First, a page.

Tracking female footballers from across the globe is hard enough in a normal year, never mind one where a global pandemic obliterated the calendar. Rich Laverty breaks down the criteria for this year’s list of the top 100 female footballers.
The Top 100 Female Footballers of the Year can’t come together without an initial shortlist, one that usually includes upwards of 300 players we decide have done enough to earn a nomination throughout the year.
It’s always a hard task, largely because women’s football is still so invisible. It may be easy to register who has enjoyed a good year in some of the more prominent leagues, such as the main European leagues and the USA’s NWSL, but beyond it can be a minefield.
You can stare at top scorers lists all you want, but how can we truly judge the midfielders, defenders or goalkeepers that may have enjoyed good years in Japan, South Korea, Brazil, Mexico or the African leagues?
The simple answer is we can’t. At the start of every year I start jotting down the usual names you would expect to nominate at the end of the year and also those who have started the year well that we wouldn’t nominate. Trying to keep track of those all year all around the world is beyond difficult, but the names serve as reminders come October when we have to finalise the shortlist for the voting process to take place in November.
This year more than ever has offered up many challenges in getting it right, and I’ll be honest enough in admitting getting every decision right is pretty much impossible. Firstly, there was no major tournament, which always helps our judges because bar that it is so difficult to watch leagues regularly outside your own.
Secondly, the COVID-19 pandemic decimated the calendar, which has meant we had to be pretty brutal in who didn’t get nominated and has thrown up a different looking top 100 this year.
Some fans will no doubt be shocked to perhaps see some of last year’s highest ranked players not even receive a nomination this year, but we felt we had to be fair. There was no hard and fast rule for how many games a player had to have played.
The NWSL and US players in particular was definitely the biggest challenge. For those who played in the Challenge Cup and/or Fall Series, they may have still only played a handful of games all year given there was no full season, but we didn’t feel it was right to punish those who couldn’t physically play more games.
For those who opted out, and some big names did, it was almost impossible to nominate them given the huge gap between Olympic qualifiers in February and our shortlist being confirmed in October, even with those coming to Europe only just getting up to speed come our deadline.
We also take into account the competitiveness of matches, with more emphasis on performance in the Challenge Cup than Fall Series and little put on qualification international matches. While we did end up nominating a lot of US internationals plus those who had the opportunity to make a breakthrough in the league due to others not playing, some tough decisions had to be made.
Injuries also threw up some tough decisions, and generally we took each case on an individual basis, looked at how many games a player had actually managed to play in 2020, and obviously had they performed to an adequate level. Given we do take the very end of 2019 into account for the voting, that did help some of the European based players more than those countries who have a summer league format.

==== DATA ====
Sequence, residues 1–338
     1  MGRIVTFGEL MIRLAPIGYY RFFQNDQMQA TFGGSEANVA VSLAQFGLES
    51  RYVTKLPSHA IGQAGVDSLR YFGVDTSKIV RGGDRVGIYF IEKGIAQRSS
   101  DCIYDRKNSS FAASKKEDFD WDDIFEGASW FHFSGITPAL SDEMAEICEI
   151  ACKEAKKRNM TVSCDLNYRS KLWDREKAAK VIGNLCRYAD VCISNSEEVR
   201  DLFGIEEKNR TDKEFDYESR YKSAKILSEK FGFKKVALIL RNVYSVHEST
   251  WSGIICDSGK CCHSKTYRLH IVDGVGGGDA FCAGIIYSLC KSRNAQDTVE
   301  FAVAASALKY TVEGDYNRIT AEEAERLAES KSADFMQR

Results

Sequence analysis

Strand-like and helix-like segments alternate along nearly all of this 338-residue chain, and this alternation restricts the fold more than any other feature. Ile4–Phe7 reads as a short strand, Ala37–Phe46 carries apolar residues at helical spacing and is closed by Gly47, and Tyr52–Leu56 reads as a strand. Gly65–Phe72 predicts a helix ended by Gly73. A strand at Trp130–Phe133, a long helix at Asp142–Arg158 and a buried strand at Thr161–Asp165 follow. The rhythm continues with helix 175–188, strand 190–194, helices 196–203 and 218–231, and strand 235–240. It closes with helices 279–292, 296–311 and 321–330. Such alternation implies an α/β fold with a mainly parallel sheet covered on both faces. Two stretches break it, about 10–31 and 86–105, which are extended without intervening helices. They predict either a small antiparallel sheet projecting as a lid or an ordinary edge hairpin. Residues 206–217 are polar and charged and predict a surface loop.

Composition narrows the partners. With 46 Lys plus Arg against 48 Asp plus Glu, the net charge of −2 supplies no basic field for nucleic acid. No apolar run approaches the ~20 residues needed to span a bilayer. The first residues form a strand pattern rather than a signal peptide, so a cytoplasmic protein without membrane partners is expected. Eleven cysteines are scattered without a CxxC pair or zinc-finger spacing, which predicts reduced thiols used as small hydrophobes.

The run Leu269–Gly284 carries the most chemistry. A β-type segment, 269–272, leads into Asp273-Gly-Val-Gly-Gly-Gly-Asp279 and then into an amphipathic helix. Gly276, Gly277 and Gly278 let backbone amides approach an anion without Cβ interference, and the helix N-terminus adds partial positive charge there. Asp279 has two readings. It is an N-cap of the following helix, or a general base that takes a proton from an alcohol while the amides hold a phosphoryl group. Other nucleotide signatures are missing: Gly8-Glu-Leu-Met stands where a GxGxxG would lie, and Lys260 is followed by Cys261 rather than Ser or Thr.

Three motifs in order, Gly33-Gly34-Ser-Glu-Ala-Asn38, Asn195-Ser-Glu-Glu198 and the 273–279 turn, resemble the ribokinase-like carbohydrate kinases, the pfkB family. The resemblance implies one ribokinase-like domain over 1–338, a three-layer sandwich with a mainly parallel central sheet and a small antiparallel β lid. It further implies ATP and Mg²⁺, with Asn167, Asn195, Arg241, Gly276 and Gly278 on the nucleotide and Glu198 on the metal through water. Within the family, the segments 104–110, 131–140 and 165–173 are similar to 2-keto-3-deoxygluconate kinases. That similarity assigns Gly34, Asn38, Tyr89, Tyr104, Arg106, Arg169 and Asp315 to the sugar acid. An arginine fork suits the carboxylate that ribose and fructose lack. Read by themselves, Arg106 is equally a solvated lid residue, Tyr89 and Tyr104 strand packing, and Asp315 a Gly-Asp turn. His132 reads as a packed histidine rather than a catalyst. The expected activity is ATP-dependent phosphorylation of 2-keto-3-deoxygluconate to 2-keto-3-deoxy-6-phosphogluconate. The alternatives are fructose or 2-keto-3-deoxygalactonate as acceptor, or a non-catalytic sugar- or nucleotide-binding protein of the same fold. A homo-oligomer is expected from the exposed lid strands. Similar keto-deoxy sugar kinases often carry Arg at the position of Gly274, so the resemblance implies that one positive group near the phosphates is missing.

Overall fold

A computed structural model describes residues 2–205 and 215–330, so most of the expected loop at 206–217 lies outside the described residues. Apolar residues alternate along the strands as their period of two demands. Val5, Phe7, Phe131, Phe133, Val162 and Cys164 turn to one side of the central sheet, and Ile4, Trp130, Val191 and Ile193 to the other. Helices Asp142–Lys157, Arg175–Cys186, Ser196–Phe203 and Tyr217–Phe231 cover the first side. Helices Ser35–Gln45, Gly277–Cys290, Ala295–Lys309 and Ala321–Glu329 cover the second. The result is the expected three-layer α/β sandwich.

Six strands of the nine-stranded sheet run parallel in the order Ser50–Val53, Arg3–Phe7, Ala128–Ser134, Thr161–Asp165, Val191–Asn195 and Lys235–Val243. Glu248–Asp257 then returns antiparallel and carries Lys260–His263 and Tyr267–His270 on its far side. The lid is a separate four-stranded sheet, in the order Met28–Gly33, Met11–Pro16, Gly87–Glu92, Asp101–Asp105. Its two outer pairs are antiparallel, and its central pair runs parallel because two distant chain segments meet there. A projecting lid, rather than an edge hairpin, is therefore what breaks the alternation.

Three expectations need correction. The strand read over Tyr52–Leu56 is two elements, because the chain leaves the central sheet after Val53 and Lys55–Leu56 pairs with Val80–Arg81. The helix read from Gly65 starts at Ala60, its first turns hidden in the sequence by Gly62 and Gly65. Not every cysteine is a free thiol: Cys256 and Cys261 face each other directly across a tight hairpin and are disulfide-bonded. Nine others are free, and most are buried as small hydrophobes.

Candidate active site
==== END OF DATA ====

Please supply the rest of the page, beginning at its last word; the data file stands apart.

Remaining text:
After that, I have very little influence on how these players do. When the shortlist is created, it’s about the best 300/400 players, not the 100, that is down to our judges, of which this year there are 88, including myself. Maybe we nominated players who had injury affected years who ended up inside the top 100 but we can’t and won’t tell our judges how to vote. If a name is on the shortlist, people are free to vote for them, but the constant challenge of people being able to watch very little women’s football on TV means visibility continues to be an issue for us when voting begins. We may nominate players we don’t think will make the top 100, but often we found people do find themselves voting for those they have heard for nearer the bottom of their own picks.
We ask people to vote for their top 40 players, in order, from the shortlist, and often we see from 25/30 downwards people struggle based on who they’ve seen enough of and vote for those they’ve heard of, which is understandable. That’s an ongoing challenge for us and something we take into account every year when considering the process.
Being honest, though, I like this year’s 100 and I’m excited for people to see it. Yes, there are players higher than they should be, there are players lower than they should be, but the thing I love about doing it is those who break in for the first time, and those who rocket up based on improved performances over the year.
When we announce the first 30 players on Tuesday (the 100-71 section), 14 of them will be brand new entrants and have never been listed before. That’s the most exciting thing, to educate people around the world who may not have heard of these players before.
2020 certainly threw up some new challenges in terms of who we nominate and how we nominate, and some big players have missed out because of that, but it has allowed others to flourish and I think by and large our list this year has a real emphasis on the top young players worldwide who are now gaining deserved recognition.
Follow Rich on Twitter @RichJLaverty